You would have to get a list of deactivated plugins and then provide that variable to is_plugin_inactive, so we block all plugins and use whatever method is decided on. You would also have to set it, so it doesn't die when trying to reactivate a plugin. That should be looked at as psuedo code, just to give an example of what we're thinking.

Last edited 6 years ago by planetzuda (previous) (diff)

#11 @TobiasBg
6 years ago

Ok, but were would you run that code? Running it in WordPress core won't work, as a direct access to a plugin file will not trigger it, as plugins don't load the WordPress files.
The only real possibilities here would be plugins blocking direct file execution by themselves (which many do with a check like defined( 'ABSPATH' ) or die();, or to block the entire request on the server level. This would require that WordPress maintains a "blacklist" (in .htaccess files and similar) which is just too risky and error-prone for server configuration changes.

#12 @planetzuda
6 years ago

  • Severity changed from minor to normal

Yes, best practice is for the plugin author to automatically do this, but this doesn't always happen. As previously stated There are multiple ways to implement this. It could be implemented through the .htaccess or the code could be added to each plugin file when deactivate_plugins is ran or similar functions. There are lots of other ways to handle this, like adding in /* and ending it with */ at the beginning and end of each block of PHP code.

Evaluating risk is important, however it is a bigger risk not to fix this issue then to possibly run into some configuration problems. Kirrus said something very similar to this affect 7 months ago https://core.trac.wordpress.org/ticket/26273#comment:6


Last edited 6 years ago by planetzuda (previous) (diff)

#13 @TobiasBg
6 years ago

  • Resolution set to maybelater
  • Status changed from reopened to closed

Sorry, but editing plugin PHP files will not be a feasible solution here. That's just too unreliable and risky, and there are too many things that can go wrong, given the many different server configurations that WordPress has to support.

Maintaining an .htaccess file (and similar for other webservers) might work, but there are still too many what-ifs and situations that would not be covered (and maybe can not be covered).

Meanwhile, if this is a concern for certain hosts, they could very well proceed by blocking requests to PHP files in the plugins directory on their servers, maybe with a custom white list of plugins.

Remember that this ticket can always be re-opened if a specific way on how to proceed comes up or someone finds a feasible strategy. Please let's leave this closed until that.

#14 @jsimone
6 years ago

  • Resolution maybelater deleted
  • Status changed from closed to reopened
  • Summary changed from If possible, change file permissions on deactivated plugins so they're not web-accessible. to Deactivated plugins and themes should not execute

This is a big issue, and it applies to themes as well. If anything, the WordPress narrative is half the problem because documentation and the community think that if something isn't active, it's safe!

I find it to be completely unacceptable that and application which touts such a secure platform would allow one dumb or malicious theme file to hijack a website even when it isn't active.

The solution might be inconvenient but I think it really needs to be taken seriously. If it breaks multi-site, then fix multi-site. I know I'm coming in a bit late, but a milestone like 4.0 is really the perfect place to address a potentially breaking-change such as this.

The solution could be as simple as renaming files. Heck, change the file extension or package them into an archive.

#15 @jsimone
6 years ago

Oh and themes that depend on one another can be fixed too. Child-themes are already detected in the UI and can become a first-class (supported) feature. All other inactive themes can go bye-bye.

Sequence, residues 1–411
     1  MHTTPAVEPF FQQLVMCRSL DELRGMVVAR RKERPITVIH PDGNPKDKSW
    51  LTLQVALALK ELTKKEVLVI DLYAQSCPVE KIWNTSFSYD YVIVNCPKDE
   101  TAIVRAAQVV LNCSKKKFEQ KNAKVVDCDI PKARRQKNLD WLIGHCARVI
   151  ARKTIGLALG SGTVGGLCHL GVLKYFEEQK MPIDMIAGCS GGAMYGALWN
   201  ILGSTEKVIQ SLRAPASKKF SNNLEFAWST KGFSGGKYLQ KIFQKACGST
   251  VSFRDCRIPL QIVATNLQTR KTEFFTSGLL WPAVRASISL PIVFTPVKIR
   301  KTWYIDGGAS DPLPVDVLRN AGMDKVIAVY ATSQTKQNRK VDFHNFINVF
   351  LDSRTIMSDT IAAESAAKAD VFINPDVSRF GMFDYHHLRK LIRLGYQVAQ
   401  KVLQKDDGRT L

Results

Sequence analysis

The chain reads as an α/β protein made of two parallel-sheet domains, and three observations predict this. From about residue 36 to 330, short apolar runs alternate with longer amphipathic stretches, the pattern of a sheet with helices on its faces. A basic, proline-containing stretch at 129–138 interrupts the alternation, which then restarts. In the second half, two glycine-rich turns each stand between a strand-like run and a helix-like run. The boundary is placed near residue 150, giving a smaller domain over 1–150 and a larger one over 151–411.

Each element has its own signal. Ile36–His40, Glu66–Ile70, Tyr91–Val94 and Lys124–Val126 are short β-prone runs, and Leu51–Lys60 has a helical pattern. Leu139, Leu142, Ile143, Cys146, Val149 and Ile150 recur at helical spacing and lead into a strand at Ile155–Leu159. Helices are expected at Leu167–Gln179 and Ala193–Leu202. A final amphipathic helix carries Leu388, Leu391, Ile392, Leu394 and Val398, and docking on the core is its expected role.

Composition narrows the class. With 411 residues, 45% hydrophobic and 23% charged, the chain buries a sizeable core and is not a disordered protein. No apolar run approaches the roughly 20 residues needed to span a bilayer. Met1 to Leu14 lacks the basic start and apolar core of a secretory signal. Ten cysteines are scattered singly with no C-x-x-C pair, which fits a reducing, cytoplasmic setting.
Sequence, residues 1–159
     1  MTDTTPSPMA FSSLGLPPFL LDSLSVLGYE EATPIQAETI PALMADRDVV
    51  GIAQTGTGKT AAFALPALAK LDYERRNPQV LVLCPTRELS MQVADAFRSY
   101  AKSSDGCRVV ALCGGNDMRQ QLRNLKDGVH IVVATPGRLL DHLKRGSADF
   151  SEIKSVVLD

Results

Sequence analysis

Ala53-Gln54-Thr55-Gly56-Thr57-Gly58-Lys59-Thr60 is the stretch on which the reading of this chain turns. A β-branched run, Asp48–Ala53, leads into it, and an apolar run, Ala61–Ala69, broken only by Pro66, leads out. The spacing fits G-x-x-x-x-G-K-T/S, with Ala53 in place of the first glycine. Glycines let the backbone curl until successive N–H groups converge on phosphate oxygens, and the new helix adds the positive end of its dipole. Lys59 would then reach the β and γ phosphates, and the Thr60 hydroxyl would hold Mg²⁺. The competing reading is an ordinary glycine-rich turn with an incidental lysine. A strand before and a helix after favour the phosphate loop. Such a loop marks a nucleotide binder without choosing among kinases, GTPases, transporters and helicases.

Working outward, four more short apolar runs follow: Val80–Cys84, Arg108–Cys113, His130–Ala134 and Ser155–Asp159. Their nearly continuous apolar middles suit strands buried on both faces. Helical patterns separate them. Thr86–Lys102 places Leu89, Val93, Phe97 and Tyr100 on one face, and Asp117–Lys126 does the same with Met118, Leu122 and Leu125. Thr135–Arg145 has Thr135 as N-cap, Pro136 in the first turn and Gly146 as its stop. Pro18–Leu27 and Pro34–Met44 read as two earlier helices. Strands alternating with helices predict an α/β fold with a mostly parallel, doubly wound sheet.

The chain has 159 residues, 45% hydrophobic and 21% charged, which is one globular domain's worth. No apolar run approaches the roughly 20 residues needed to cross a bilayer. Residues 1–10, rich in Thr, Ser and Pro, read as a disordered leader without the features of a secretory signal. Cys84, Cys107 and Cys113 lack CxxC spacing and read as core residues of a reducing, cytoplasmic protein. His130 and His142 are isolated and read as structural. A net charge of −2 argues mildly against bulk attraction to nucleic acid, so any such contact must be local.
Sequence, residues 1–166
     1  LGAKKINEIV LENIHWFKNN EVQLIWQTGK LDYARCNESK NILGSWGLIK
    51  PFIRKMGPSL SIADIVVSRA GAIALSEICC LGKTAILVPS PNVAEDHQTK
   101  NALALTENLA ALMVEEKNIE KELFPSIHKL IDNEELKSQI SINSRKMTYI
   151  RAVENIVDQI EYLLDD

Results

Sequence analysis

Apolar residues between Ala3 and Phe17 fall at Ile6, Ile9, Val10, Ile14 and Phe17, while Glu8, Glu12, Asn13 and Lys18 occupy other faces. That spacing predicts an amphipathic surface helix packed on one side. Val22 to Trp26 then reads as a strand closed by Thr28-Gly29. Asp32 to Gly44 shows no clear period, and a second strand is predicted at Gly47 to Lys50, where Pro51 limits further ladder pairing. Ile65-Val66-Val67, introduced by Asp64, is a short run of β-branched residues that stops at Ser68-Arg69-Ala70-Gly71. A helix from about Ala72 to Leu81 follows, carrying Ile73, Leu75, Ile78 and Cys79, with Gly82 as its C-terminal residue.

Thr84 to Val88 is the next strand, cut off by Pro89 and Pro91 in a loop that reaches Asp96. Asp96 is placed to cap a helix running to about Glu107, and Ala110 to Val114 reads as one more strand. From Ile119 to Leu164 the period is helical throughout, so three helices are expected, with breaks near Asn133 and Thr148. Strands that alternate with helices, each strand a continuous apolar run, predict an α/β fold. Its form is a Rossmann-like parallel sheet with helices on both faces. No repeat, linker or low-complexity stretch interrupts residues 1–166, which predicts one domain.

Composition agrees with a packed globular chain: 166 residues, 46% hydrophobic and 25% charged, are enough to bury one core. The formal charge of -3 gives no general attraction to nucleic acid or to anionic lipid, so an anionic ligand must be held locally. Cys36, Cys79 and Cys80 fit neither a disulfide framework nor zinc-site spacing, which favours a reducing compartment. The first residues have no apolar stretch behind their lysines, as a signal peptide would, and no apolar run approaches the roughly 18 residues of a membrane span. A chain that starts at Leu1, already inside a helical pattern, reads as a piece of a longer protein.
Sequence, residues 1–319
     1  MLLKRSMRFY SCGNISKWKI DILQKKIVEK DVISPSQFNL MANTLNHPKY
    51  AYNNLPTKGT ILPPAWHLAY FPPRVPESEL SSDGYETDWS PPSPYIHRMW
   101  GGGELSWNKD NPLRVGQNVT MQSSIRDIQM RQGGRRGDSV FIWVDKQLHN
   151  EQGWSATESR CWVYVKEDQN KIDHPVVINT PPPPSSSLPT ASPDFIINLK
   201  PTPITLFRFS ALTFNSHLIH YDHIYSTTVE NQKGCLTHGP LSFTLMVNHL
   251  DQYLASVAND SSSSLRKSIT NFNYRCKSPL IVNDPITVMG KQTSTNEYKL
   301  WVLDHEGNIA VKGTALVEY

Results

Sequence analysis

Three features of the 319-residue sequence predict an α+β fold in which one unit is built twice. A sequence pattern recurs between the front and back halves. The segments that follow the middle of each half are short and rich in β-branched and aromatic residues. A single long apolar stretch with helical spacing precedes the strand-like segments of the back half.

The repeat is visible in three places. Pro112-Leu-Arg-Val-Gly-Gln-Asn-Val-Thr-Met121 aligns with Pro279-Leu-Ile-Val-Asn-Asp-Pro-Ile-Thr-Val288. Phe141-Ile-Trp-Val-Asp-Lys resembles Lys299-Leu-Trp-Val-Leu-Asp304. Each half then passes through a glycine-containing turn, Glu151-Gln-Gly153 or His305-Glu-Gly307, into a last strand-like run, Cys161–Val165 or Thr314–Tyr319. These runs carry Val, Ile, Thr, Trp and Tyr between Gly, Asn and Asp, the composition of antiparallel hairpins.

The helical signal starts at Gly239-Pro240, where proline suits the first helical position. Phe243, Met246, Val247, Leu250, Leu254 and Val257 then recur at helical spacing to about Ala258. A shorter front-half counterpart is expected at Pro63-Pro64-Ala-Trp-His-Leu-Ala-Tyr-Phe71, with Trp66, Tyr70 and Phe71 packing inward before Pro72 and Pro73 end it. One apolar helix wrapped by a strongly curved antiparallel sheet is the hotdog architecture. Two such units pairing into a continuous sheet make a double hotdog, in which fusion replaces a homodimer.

I also started a forum discussion on this topic that is worth referencing:

https://wordpress.org/support/topic/security-concern-inactive-themes-and-plugins-can-execute-code

Last edited 6 years ago by jsimone (previous) (diff)

#16 @SergeyBiryukov
6 years ago

  • Milestone set to Awaiting Review

It all comes down to points outlined in comment:5 and comment:13.

#17 @jsimone
6 years ago

I don't really think those comments pertain to the solutions I proposed. In fact comment 5 seems a bit out of touch with reality.

In many server configurations, the user doesn't have direct write access to the WordPress files

If the user doesn't have write access to WordPress files then the entire Plugin section is useless. Special file permissions are required for installing, updating, deleting,... what's wrong with needing file permissions for deactivating? Put another way: Do we really want to endorse configurations where WP administrators can't even keep their plugins and core install up to date? Isn't that the exact opposite of what we are trying to encourage?

I agree with comment 13 to an extent.

Sorry, but editing plugin PHP files will not be a feasible solution here. That's just too unreliable and risky, and there are too many things that can go wrong, given the many different server configurations that WordPress has to support.

Editing PHP code is definitely overkill and unreliable. But renaming, archiving, or moving plugin files would all be appropriate, and fairly trivial. Zip files already drive plugin installs. What's wrong with packaging them back up when they are deactivated?

Let me propose an example of what I think is a very viable exploit for WordPress today:

There are at least tens of thousands of WordPress themes out there. There are also a lot of third-party websites distributing themes. I think it is fair to say that the perception of a theme is that it is fairly lightweight and doesn't present the same security concerns as an out of date plugin.

Unsavory characters could obtain some popular or attractive open-source themes and (discretely) inject PHP backdoor code. They could rename the themes and upload them to a slew of community websites. Heck the sheer number of themes in the wild might make it trivial to just find a few with pre-existing issues. Then, botnets could scan websites for the malicious theme names and exploit the backdoors for further nefarious deeds. This could all be done even without a user ever activating the theme in question.